The Fading of Pain

Yesterday was my first day without painkillers since my hysterectomy twelve days before. Whoop. Not my first day without pain, note, but my first day without pain that had to be killed.

Moreover, the previous day saw my wound dressings removed, with no replacement needed, and permission given by the practice nurse to have a bath! I have celebrated by having several baths every day since. (That might be an exaggeration.)

The flatulence has now returned to its, ahem, normal level. Rather like Ophelia, it has been recategorised from hurricane to mere storm. My partner - who had been bearing the brunt of the adverse weather conditions - sussed out that I may have been taking too much of the laxative syrup the hospital gave me (well, it did taste of honey), and lo and behold, when I stopped taking it, my guts stopped bubbling like a witches' cauldron.

Harvey is a Sex Addict

Harvey Weinstein is an addict
Harvey, he just has to have it
Harvey's checked into a clinic
Not convinced? You heartless cynic
Harvey can not help himself
Please pray for Harvey's failing health

Off Your Knees

Keep politics out of sport
Black lives may matter
but all that matters here
is the score

Keep politics out of football
because standing up for the national anthem 
is not political
but kneeling for it is

Keep politics off the pitch
Offence and defence 
are matters for the field of play
not for the field of struggle

Get a Grip

It's World Mental Health Day, so ...

SNAP OUT OF IT
Snap out of taking orders
Snap out of blame
Snap out of 'disorders'
Snap out of shame
Snap out of austerity
Snap out of stressors
Snap out of poverty
Snap out of pressures
Snap out of 'raising awareness'
and start raising hell
This system's sick
It isn't well

Speaking on Autism Equality in the Workplace, Otley Labour Party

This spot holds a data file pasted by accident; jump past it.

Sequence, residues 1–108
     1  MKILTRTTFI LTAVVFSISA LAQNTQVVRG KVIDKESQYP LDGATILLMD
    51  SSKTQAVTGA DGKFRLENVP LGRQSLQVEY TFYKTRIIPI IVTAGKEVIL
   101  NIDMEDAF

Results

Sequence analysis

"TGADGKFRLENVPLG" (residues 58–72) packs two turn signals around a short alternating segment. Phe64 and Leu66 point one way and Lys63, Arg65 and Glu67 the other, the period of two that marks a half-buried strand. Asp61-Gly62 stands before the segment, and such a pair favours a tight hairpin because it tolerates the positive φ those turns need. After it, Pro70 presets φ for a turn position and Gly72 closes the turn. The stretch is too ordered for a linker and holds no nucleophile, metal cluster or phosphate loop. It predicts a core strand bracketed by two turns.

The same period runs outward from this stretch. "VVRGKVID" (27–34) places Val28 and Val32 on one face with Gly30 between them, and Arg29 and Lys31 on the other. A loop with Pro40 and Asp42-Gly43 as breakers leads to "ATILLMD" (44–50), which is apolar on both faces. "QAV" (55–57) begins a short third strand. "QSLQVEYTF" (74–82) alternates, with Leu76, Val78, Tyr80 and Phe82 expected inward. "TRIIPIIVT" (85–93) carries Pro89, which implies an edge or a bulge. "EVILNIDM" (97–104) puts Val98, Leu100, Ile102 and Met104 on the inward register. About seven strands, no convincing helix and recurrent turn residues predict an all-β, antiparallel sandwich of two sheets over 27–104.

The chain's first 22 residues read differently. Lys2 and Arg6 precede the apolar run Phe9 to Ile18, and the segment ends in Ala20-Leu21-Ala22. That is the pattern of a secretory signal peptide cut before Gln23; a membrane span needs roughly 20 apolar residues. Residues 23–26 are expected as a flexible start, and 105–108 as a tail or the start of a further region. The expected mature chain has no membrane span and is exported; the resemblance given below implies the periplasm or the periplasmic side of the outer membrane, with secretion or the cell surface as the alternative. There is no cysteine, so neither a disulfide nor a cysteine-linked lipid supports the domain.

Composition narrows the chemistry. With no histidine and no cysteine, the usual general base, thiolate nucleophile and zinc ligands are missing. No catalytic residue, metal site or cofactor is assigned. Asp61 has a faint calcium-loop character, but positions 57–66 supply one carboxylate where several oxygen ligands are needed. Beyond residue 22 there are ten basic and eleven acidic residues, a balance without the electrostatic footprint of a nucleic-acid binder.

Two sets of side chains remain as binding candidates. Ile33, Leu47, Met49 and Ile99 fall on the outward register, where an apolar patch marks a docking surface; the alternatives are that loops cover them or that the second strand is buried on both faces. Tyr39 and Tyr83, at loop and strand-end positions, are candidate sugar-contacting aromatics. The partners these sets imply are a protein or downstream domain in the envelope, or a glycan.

09/11/2017 - 19:30

Pizza and Politics - Enjoy pizza, drink anda lively debate

Janine Booth introduces a discussion on Autism Equality in the Workplace: removing barriers and challenging discrimination

Janine is a writer, poet, trade unionist, socialist and feminist. She is autistic and is the author of the TUC Disabled Workers' Conference policy on autism in the workplace.

Lesions and Adhesions

This morning, I ventured out of the house for the first time since my hysterectomy last Thursday. It wasn't the most exciting outing, but it feels like something of an achievement.

I left hospital on Friday with instructions to go to my GP surgery on Monday to have my dressings changed. There are three of these, each a little square of bandage over a small laparoscopy wound. These are the three slots where the keyhole surgery kit was inserted. One is on my belly button and has two stitches; and one on either side of my tummy with a stitch each. Each also has a rather attractive mottled blue, red and purple bruise, the navel bruise being the most striking and aesthetic. Dressings removed, wounds wiped, new dressings applied, job done.

Waiting to see the nurse, I read my hospital discharge notes and Googled the various terms thereon. It revealed a picture of my insides reminiscent of a horror movie.

Hysterectomy, with a little Hysteria

The alarm sounded at five o'clock, I drank the two bottles of pre-op somethng-or-other the hospital had given me, reset the alarm for six fifteen and went back to sleep. I'd only been in bed since midnight, after a delayed train journey back from a couple of days working in Glasgow, so when I got up again and went to the hospital for my hysterectomy, I felt like I could have gone to sleep for the operation without any assistance from the anaesthetists.

The nurse gave me the usual gown to change into, a pair of tights with grips on the soles, and also a pair of hospital knickers. What an absurd item of underwear these are. I refuse to believe that anyone is actually that shape.

The good news was that I was number one on the surgical schedule, so I was soon wheeled off to the room where they send you away with the fairies. I've been through this routine six (or is it seven?) times before, so I am well used to it. Other than the prick in the left hand as they set up the cannula, it is quite a pleasant experience, drifting off to controlled unconsciousness looking forward to waking up with it all over, maybe a little uncomfortable but sufficiently drugged up to feel relieved, relaxed and happy.

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